A look at emerging markets, on the other side of the pandemic
Emerging markets can be a wonderful portfolio diversifier for Canadian investors. You might consider the equity ETFs and the fixed-income side as well.
In this space, I’ve suggested investors give emerging markets a look on many occasions, including that post from November of 2020. From a Forstrong Global Asset Management report quoted in that post…
“Today many investors are experiencing their own existential struggle with emerging Asia’s economic rise. On the one hand, the region—which we classify as China, India, Taiwan, Korea, Indonesia, Malaysia, Philippines, Thailand and Vietnam—has created enormous growth around the world. China alone has delivered roughly half of all global GDP growth over the last decade. This has been a crucial prop to a growth-deficient world.”
And here is a very good emerging markets primer, courtesy of Pimco. I recommend you give that a read.
From that blog post …
“As an expected wave of re-openings sweeps the developing world, a serendipitous set of external dynamics could fuel the post-pandemic recovery in the EM asset class. A broad index of commodity prices (Commodity Research Bureau) has returned to levels not seen since mid-2015, following a 68% yearly rebound—a potential key economic driver for the many emerging markets that rely on commodity exports. Also, real short-term U.S. interest rates have recently fallen to 50-year lows, a situation likely to support EM investments by fuelling capital flows to the developing world as investors search for yield.”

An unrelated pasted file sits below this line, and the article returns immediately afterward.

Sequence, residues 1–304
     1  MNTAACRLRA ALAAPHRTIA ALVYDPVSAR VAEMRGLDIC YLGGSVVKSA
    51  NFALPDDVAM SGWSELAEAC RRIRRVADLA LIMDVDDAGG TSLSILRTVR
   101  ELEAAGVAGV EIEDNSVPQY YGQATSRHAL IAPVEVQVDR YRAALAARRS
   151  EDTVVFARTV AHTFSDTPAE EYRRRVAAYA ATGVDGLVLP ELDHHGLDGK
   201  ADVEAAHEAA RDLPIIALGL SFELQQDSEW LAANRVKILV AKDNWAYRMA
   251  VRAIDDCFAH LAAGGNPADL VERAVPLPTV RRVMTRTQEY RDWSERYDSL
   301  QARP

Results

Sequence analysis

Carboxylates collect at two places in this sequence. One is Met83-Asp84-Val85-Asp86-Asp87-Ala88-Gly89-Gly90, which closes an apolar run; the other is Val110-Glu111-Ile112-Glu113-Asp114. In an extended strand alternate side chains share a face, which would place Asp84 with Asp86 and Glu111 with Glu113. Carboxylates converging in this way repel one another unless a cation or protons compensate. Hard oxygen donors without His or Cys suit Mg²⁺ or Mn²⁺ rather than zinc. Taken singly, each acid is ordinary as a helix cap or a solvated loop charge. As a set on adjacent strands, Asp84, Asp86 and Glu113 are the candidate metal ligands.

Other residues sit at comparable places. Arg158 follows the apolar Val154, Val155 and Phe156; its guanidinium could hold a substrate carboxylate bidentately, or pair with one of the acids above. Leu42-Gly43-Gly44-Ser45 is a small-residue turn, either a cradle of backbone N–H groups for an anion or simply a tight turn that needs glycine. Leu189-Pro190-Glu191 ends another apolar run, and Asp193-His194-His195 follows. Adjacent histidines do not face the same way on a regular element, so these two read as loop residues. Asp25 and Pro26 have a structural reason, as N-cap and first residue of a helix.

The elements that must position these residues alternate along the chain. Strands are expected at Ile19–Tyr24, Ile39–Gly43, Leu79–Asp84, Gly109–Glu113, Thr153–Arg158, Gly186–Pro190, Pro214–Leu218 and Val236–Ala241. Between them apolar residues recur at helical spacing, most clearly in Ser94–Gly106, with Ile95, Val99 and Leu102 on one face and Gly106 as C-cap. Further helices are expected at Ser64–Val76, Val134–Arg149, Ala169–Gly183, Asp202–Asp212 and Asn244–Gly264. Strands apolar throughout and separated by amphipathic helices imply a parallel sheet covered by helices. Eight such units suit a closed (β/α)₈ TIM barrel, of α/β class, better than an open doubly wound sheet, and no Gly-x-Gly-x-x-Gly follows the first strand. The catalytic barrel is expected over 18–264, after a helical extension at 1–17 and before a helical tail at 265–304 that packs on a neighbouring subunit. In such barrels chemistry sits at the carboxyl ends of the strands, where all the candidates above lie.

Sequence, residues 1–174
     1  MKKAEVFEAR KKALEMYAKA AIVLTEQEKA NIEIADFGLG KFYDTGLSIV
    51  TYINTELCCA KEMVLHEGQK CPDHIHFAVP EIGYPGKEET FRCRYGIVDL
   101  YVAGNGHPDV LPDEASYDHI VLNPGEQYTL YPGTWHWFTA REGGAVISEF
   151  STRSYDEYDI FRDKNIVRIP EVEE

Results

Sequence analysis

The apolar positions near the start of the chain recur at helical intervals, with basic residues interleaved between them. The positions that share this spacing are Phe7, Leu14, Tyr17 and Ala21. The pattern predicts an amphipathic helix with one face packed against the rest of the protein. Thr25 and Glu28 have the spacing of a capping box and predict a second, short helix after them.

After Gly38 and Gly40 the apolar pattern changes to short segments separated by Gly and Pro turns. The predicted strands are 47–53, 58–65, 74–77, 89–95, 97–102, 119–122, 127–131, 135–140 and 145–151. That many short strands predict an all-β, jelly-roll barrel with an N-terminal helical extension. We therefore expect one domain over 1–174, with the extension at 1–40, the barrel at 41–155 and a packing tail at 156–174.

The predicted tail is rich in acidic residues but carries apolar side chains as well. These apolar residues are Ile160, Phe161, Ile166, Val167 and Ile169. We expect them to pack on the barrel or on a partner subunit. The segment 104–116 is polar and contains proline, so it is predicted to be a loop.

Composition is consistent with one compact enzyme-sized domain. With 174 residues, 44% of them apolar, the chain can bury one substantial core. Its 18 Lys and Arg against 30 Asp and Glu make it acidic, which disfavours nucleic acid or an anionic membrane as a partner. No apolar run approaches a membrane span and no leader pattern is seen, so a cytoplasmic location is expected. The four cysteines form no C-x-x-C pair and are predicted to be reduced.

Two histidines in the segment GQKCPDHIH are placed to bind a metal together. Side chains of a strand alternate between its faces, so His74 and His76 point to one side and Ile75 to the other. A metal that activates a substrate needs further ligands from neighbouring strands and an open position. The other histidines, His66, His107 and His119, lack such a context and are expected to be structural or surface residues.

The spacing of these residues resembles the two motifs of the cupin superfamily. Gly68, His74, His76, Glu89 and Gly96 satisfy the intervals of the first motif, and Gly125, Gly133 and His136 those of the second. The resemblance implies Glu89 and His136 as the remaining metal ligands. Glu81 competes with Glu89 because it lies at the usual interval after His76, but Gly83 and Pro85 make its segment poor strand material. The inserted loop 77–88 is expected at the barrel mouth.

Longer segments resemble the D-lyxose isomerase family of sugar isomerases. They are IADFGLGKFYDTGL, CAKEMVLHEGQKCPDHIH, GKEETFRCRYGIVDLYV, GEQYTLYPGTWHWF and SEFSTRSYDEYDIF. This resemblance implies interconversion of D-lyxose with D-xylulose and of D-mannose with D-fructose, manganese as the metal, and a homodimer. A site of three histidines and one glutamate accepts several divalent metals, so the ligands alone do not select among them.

We’ve often discussed commodities and REITs as inflation-friendly assets, but certain stock markets (such as those found in many emerging market economies) can offer another layer of inflation and currency hedging.
You’ll find some global and emerging market equity ETF options in the Best ETFs in Canada for 2021.